(CNN) -- Think you had a hellish commute this morning? Just be thankful you're not in China, where a traffic jam stretching more than 100 km (62 miles) has forced drivers to keep their feet planted on brake pedals for nine days.
The gridlock, which started August 14, involves thousands of trucks between the Inner Mongolia Autonomous Region and the Chinese capital of Beijing, according to state media.
Fender-benders and broken-down vehicles are adding to the chaos, state media reported.
Some drivers played cards to pass the time, while others fumed about nearby vendors taking advantage of their predicament by gouging food prices.
Still, some opted to not take detours to avoid farther travel and toll costs.
Traffic congestion is a common problem in China. But construction on a section of the Beijing-Tibet Expressway has forced more traffic to National Expressway 110, which runs roughly parallel.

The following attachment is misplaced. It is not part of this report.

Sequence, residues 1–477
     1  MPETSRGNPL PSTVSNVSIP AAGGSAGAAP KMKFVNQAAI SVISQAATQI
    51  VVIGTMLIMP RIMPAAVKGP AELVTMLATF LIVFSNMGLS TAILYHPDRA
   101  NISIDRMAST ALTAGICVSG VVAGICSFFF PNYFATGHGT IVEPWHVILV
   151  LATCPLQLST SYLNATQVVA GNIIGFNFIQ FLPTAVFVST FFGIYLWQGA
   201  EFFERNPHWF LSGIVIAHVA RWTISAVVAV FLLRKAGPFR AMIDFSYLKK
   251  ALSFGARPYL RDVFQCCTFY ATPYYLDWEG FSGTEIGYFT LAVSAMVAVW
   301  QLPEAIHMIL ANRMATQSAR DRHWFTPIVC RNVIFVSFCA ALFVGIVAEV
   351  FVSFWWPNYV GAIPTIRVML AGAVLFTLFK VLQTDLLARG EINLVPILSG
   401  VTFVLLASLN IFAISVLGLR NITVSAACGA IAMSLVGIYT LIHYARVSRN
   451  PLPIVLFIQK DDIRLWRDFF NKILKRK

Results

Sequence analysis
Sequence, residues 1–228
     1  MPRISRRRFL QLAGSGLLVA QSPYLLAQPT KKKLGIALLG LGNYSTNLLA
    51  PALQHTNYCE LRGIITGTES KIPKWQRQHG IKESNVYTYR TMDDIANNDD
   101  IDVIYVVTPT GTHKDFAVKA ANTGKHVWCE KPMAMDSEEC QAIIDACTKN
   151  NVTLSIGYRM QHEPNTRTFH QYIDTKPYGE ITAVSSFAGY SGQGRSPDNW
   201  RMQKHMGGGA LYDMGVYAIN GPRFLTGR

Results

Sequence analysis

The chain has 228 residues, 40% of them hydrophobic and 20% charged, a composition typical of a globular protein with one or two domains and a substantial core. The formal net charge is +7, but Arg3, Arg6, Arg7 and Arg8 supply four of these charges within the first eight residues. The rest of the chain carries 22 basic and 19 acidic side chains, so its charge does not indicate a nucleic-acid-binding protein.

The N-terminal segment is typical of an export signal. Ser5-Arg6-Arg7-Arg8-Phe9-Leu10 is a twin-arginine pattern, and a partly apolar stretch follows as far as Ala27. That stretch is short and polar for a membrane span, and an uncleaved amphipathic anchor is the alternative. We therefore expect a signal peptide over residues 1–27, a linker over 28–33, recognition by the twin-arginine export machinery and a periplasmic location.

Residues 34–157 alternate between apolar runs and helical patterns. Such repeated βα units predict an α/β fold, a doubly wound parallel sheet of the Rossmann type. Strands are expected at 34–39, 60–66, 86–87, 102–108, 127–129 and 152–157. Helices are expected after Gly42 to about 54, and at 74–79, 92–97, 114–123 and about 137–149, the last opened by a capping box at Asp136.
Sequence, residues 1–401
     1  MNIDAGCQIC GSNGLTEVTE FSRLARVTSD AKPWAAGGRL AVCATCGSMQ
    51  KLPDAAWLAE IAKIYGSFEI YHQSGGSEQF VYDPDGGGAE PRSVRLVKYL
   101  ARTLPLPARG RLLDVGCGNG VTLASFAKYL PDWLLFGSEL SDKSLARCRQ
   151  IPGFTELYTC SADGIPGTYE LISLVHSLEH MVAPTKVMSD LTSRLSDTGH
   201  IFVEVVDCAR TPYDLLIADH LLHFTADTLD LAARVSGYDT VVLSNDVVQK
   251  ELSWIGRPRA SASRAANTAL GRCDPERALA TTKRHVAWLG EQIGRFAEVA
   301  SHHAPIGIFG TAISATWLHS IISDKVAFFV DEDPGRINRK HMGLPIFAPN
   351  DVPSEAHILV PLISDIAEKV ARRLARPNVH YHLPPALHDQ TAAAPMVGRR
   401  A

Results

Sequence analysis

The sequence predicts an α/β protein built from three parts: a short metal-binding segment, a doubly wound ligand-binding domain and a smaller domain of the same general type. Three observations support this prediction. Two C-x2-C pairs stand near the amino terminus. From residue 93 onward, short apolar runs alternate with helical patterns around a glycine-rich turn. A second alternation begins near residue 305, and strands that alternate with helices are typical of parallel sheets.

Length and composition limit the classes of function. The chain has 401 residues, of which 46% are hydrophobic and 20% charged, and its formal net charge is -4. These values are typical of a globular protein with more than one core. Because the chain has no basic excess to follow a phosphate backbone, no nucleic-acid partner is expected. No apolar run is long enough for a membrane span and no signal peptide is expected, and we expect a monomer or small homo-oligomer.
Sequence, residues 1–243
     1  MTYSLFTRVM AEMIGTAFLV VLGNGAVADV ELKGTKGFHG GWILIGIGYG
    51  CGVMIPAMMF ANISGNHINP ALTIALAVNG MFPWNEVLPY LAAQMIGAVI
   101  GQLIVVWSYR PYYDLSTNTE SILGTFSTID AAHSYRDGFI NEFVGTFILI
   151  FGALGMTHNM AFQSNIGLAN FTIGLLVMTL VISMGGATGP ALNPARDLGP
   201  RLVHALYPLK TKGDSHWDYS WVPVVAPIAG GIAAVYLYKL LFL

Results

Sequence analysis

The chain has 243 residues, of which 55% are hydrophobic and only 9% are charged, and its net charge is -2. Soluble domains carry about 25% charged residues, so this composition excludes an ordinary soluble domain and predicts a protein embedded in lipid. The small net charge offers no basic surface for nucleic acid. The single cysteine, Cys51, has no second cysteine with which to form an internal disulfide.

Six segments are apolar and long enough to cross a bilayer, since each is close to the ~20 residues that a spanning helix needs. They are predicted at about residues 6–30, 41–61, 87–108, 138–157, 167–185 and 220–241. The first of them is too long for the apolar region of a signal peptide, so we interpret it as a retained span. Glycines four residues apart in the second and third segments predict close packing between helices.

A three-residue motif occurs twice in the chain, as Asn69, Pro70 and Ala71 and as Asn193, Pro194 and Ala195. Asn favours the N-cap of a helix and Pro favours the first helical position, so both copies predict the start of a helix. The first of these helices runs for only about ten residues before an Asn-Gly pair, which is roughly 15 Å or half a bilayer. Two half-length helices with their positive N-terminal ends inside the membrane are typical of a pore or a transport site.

Roads leading to Beijing are particularly notorious for turning into parking lots.
"If there's no traffic jam in the city, that would be news," Niu Fengrui, director of the Institute for Urban and Environmental Studies at the Chinese Academy of Social Sciences, told state media.
"Our government should pick up the pace of urban infrastructure construction and spend some of its budget," he said.
But drivers are nowhere near the finish line. Construction is scheduled to continue until September 13.
CNN's Steven Jiang contributed to this report.